PBS today announced the U.S. broadcast premiere of Academy Award®-winner Ron Howard's authorized and highly acclaimed Emmy® Award and GRAMMY Award®-winning documentary film about The Beatles' phenomenal early career. THE BEATLES: EIGHT DAYS A WEEK - THE TOURING YEARS premieres Saturday, November 25, 8:00-10:30 pm ET (check local listings ) on PBS. The film will be followed by an encore broadcast of SGT. PEPPER'S MUSICAL REVOLUTION, 10:30-Midnight ET on PBS, which continues the story beyond The Beatles' touring years, during the months the band spent creating Sgt. Pepper's Lonely Hearts Club Band, a groundbreaking masterwork that became popular music's most universally acclaimed album.
Source: Broadway Worlddetails
Leslie Cavendish was the Beatles' hairdresser for nine years at the height of their fame
Fifty years on he can still vividly remember the moment his life changed for ever.
It was an ordinary Saturday in October 1966 and Leslie had just finished styling actress Jane Asher’s hair at the Vidal Sassoon salon in London where he worked.
As he removed the gown from her shoulders she asked whether Leslie was free later that day to do a house visit “as my boyfriend needs a haircut”.
Her boyfriend was of course McCartney.
Source: Sadie Nicholasdetails
“The masses will catch up with us in 2020.” – John Lennon
A little over 50 years ago, on Nov. 9, 1966 (9/11 in British usage), Paul McCartney was decapitated in a car crash, and was soon replaced, unbeknownst to the public, by a lookalike with equal or better musical abilities, the impostor “Faul” we have lived with till today.
It was a rainy night and after a late session at their Abbey Road studios, ending in an argument amongst the Beatles, Paul got into his Aston Martin and picked up a streetwalker named Rita (of “Lovely Rita” fame) along the way; Rita got excited when she realized who she was with, making Paul lose control.
MI5 , the British intelligence agency, believed that hundreds would commit suicide if the shocking news were revealed, and besides the Beatles were a national treasure bringing in untold revenues. So a man named Billy Shears (or William Campbell), a Scottish lad, was made to fill in, after the requisite plastic surgeries.
This new Beatle, known to the cognoscenti as “Faul,” turned out to be an even better musician than the original Paul. But the Beatles, struck by bad conscience, kept strewing their albums, both aurall details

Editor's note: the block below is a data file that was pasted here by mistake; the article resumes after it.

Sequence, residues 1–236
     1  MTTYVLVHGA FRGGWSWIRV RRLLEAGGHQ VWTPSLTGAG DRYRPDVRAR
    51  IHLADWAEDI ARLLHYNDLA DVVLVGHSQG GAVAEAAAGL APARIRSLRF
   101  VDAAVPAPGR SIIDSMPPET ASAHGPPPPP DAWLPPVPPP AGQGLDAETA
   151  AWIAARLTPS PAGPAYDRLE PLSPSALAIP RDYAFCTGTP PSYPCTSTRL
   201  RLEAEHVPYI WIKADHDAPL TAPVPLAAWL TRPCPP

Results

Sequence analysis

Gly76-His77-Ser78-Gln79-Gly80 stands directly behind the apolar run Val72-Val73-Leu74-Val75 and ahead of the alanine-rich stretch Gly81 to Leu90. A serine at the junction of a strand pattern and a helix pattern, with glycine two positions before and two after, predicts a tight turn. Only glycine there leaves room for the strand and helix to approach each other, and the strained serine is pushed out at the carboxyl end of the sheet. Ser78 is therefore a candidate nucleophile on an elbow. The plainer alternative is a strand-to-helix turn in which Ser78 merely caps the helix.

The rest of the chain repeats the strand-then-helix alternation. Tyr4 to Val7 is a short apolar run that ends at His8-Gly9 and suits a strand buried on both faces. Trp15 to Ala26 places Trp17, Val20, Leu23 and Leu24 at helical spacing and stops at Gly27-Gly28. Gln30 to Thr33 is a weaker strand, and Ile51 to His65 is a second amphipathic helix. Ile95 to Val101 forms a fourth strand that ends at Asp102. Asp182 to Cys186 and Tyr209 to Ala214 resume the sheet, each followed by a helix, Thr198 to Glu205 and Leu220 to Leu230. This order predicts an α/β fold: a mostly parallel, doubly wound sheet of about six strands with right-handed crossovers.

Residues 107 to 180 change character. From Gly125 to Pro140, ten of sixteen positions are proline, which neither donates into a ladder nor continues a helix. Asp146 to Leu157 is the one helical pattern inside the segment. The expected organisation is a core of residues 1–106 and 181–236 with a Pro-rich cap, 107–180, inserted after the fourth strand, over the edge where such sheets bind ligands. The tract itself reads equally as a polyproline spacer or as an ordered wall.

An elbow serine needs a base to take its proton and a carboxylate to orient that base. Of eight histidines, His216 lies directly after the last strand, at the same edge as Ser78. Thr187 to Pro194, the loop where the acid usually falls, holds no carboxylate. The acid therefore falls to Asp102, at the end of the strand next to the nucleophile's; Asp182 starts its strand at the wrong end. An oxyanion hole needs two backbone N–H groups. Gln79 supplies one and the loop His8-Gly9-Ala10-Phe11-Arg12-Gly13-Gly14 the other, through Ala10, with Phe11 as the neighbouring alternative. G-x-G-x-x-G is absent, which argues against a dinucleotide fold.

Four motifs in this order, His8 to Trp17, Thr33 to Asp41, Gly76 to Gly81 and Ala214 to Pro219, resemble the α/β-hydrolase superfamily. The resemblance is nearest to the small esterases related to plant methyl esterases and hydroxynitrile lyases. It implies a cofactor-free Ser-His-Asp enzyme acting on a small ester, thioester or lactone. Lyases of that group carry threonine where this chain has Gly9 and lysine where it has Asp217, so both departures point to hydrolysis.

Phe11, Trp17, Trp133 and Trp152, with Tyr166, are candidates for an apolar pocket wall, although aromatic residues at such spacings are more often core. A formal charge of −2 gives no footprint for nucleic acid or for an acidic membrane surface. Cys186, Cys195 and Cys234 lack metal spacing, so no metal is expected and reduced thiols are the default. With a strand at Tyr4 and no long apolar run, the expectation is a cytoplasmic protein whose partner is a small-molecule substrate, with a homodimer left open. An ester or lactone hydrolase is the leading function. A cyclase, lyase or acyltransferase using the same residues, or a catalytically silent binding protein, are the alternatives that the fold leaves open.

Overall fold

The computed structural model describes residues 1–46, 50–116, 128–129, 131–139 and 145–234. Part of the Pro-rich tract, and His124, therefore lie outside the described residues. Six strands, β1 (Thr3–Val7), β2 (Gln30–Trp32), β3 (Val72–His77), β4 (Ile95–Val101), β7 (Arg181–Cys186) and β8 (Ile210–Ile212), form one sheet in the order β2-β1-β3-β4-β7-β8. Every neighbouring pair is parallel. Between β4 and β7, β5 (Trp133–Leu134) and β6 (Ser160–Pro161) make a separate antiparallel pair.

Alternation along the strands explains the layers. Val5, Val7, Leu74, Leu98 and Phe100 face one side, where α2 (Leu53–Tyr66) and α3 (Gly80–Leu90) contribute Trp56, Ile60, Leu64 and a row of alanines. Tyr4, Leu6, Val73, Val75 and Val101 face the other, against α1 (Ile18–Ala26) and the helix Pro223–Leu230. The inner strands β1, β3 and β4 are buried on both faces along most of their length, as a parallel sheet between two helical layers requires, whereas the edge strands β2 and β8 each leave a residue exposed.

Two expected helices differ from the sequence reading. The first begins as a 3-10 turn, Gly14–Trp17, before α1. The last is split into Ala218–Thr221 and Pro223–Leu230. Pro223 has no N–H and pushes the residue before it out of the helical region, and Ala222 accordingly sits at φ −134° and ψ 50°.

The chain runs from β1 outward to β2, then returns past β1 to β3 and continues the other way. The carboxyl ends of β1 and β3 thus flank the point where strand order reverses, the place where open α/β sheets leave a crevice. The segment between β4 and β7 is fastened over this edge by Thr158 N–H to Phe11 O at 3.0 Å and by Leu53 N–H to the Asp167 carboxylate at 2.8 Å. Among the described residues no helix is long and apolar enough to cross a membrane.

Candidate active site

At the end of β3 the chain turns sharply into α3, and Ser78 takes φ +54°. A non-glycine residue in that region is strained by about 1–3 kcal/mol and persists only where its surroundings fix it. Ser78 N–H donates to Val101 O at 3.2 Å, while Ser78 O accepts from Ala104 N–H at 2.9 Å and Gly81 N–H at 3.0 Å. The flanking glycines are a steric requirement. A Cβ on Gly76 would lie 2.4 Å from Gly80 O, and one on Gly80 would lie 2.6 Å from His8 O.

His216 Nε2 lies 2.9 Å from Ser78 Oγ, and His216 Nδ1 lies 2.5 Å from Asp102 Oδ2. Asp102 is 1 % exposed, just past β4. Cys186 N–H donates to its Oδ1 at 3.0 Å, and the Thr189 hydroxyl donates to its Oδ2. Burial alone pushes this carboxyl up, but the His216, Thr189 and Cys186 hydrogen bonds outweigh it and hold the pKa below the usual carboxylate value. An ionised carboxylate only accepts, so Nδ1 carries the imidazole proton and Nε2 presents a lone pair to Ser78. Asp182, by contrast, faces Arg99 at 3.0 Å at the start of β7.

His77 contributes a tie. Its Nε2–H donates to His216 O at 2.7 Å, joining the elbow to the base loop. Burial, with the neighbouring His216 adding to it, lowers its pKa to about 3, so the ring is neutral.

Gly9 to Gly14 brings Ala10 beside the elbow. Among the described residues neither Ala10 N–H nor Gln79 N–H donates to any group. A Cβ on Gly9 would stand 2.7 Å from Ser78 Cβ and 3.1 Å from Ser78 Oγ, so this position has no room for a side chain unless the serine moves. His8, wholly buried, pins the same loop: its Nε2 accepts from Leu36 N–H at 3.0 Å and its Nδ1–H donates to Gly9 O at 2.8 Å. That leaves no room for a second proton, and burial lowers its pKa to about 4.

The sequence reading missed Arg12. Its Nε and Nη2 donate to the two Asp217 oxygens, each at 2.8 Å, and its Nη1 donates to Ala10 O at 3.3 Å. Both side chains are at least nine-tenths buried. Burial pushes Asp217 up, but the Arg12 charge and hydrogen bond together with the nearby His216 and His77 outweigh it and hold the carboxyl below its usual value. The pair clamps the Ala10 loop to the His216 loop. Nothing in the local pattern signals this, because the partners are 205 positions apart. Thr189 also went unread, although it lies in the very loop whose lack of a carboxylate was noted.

A rare, unreleased demo of The Beatles' "What Goes On"—recorded in 1963 and featuring John Lennon on vocals—has surfaced on on eBay through Parlogram.
Though the song would not be released by The Fab Four until 1965's Rubber Soul, the song actually predates The Beatles. Lennon originally wrote the song all the way back in the late Fifties, for his pre-Beatles group the Quarrymen.
Lennon kept the song around, and—according to Parlogram—even considered recording it with the group as a follow-up to their breakthrough hit, "Please, Please Me," before dropping it in favor of the single's eventual follow-up, "From Me to You."
The song continued to kick around though, and the band eventually recorded it for Rubber Soul with rewritten verses, a solo from George Harrison, and Starr on lead vocals.
The demo—which is currently up for auction—features Lennon on lead vocals and acoustic guitar, with Paul McCartney providing harmonies. You can hear a snippet of it—recorded directly from the acetate—below.
Source: Jackson Maxwell
Ringo Starr's nineteenth studio album goes down like a serving of musical comfort food. Much like a "value meal" at a fast food chain, Give More Love delivers exactly what one expects from it. And it may not linger in the memory for very long following consumption. If you've heard any of Starr's recent releases, including 2015's Postcards from Paradise, there aren't any real surprises. At least not on the ten all-new tracks, each composed by Starr with one of his regular collaborators, that make up the proper album. Though not listed as such on the CD, the four "re-dos" of older songs are apparently bonus tracks (they're also part of the digital edition, just not the vinyl).